Muscle growth is facilitated in part by increased cellular protein synthesis. This synthesis and growth are reflected by nitrogen retention which can be quantitated by observing the decline in urinary nitrogen excretion and blood urea nitrogen following the initiation of somatropin therapy.
Hypopituitary children sometimes experience fasting hypoglycemia that may be improved by treatment with Genotropin. In healthy subjects, large doses of somatropin may impair glucose tolerance.
Although the precise mechanism of the diabetogenic effect of somatotropin is not known, it is attributed to blocking the action of insulin rather than blocking insulin secretion. Insulin levels in serum actually increase as somatropin levels increase. Administration of human growth hormone to normal adults and patients with growth hormone deficiency results in increases in mean serum fasting and postprandial insulin levels, although mean values remain in the normal range. In addition, mean fasting and postprandial glucose and hemoglobin A1c levels remain in the normal range.
Somatropin stimulates intracellular lipolysis, and administration of Genotropin HGH leads to an increase in plasma free fatty acids and triglycerides. Untreated GHD is associated with increased body fat stores, including increased abdominal visceral and subcutaneous adipose tissue. Treatment of growth hormone deficient patients with somatropin results in a general reduction of fat stores, and decreased serum levels of low density lipoprotein (LDL) cholesterol.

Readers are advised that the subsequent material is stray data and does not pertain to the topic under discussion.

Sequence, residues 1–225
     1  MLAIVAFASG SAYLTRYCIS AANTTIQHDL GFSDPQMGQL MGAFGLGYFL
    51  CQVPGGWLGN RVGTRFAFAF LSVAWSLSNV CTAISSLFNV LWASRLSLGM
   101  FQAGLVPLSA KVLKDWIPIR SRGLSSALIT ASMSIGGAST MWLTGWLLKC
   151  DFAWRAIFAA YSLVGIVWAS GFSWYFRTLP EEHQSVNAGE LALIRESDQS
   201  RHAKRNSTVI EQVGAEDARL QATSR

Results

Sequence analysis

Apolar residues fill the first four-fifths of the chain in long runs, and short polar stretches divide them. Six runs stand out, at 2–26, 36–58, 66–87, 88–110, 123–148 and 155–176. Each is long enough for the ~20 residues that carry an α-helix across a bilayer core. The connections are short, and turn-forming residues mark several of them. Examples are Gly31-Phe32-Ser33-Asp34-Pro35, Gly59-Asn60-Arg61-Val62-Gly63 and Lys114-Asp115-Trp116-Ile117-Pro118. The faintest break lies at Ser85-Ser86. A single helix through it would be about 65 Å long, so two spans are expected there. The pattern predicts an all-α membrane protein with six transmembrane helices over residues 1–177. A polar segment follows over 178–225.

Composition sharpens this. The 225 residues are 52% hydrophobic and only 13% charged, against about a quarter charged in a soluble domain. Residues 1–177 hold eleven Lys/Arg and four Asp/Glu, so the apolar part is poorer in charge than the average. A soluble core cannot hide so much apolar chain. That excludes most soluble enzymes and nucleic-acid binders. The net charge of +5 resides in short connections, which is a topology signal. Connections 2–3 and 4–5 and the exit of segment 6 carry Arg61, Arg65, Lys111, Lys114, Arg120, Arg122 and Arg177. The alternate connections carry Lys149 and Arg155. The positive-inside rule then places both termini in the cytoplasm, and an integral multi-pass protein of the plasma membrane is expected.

Genotropin HGH administration results in an increase in total body potassium and phosphorus and to a lesser extent sodium. This retention is thought to be the result of cell growth. Serum levels of phosphate increase in children with GHD after somatropin therapy due to metabolic activity associated with bone growth. Serum calcium levels are not altered. Although calcium excretion in the urine is increased, there is a simultaneous increase in calcium absorption from the intestine. Negative calcium balance, however, may occasionally occur during somatropin treatment.
Connective Tissue Metabolism
HGH Genotropin stimulates the synthesis of chondroitin sulfate and collagen. In adults, this leads to: better condition of joints and tendons, improved appearance of the skin, healthier hair and nails.
Genotropin is a prescription product for the treatment of growth failure in children:
- Who do not make enough growth hormone on their own. This condition is called growth hormone deficiency (GHD).
- With a genetic condition called Prader-Willi syndrome (PWS). Growth hormone is not right for all children with PWS. Check with your doctor.
- Who were born smaller than most other babies born after the same number of weeks of preg- nancy.
- Some of these babies may not show catch-up growth by age 2 years. This condition is called small for gestational age (SGA).
- With a genetic condition called Turner syndrome (TS).
- With idiopathic short stature (ISS), which means that they are shorter than 98.8% of other children of the same age and sex; they are growing at a rate that is not likely to allow them to reach normal adult height, and their growth plates have not closed. Other causes of short height should be ruled out. ISS has no known cause.